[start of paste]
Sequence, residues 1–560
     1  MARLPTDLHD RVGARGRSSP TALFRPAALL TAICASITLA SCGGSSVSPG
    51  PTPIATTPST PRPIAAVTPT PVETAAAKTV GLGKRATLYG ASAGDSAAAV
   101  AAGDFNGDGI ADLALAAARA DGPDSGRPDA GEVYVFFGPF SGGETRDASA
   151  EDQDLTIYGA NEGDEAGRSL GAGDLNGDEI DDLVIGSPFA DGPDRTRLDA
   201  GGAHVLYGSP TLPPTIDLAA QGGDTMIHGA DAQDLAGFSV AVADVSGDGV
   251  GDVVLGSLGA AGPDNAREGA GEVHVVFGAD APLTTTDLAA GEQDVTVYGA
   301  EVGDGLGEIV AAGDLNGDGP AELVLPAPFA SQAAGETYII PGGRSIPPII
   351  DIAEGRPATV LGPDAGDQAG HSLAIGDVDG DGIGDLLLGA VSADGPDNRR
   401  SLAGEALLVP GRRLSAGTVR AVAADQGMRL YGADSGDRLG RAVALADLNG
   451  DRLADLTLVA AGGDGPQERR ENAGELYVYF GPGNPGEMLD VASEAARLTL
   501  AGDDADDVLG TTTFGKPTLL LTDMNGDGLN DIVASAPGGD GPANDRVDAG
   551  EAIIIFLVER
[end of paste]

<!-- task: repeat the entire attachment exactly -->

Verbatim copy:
Sequence, residues 1–560
     1  MARLPTDLHD RVGARGRSSP TALFRPAALL TAICASITLA SCGGSSVSPG
    51  PTPIATTPST PRPIAAVTPT PVETAAAKTV GLGKRATLYG ASAGDSAAAV
   101  AAGDFNGDGI ADLALAAARA DGPDSGRPDA GEVYVFFGPF SGGETRDASA
   151  EDQDLTIYGA NEGDEAGRSL GAGDLNGDEI DDLVIGSPFA DGPDRTRLDA
   201  GGAHVLYGSP TLPPTIDLAA QGGDTMIHGA DAQDLAGFSV AVADVSGDGV
   251  GDVVLGSLGA AGPDNAREGA GEVHVVFGAD APLTTTDLAA GEQDVTVYGA
   301  EVGDGLGEIV AAGDLNGDGP AELVLPAPFA SQAAGETYII PGGRSIPPII
   351  DIAEGRPATV LGPDAGDQAG HSLAIGDVDG DGIGDLLLGA VSADGPDNRR
   401  SLAGEALLVP GRRLSAGTVR AVAADQGMRL YGADSGDRLG RAVALADLNG
   451  DRLADLTLVA AGGDGPQERR ENAGELYVYF GPGNPGEMLD VASEAARLTL
   501  AGDDADDVLG TTTFGKPTLL LTDMNGDGLN DIVASAPGGD GPANDRVDAG
   551  EAIIIFLVER